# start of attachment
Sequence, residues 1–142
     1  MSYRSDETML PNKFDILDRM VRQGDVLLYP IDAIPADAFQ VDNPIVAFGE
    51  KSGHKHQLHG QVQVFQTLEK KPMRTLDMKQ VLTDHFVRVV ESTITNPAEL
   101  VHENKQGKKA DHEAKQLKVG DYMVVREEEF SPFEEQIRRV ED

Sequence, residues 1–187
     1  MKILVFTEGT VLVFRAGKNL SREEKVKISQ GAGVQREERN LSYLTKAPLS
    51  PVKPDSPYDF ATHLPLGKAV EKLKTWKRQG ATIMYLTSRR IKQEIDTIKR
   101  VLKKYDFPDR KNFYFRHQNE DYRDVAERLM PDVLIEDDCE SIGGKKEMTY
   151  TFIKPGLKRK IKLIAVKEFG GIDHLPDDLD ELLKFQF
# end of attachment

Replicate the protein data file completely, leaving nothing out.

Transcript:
Sequence, residues 1–142
     1  MSYRSDETML PNKFDILDRM VRQGDVLLYP IDAIPADAFQ VDNPIVAFGE
    51  KSGHKHQLHG QVQVFQTLEK KPMRTLDMKQ VLTDHFVRVV ESTITNPAEL
   101  VHENKQGKKA DHEAKQLKVG DYMVVREEEF SPFEEQIRRV ED

Sequence, residues 1–187
     1  MKILVFTEGT VLVFRAGKNL SREEKVKISQ GAGVQREERN LSYLTKAPLS
    51  PVKPDSPYDF ATHLPLGKAV EKLKTWKRQG ATIMYLTSRR IKQEIDTIKR
   101  VLKKYDFPDR KNFYFRHQNE DYRDVAERLM PDVLIEDDCE SIGGKKEMTY
   151  TFIKPGLKRK IKLIAVKEFG GIDHLPDDLD ELLKFQF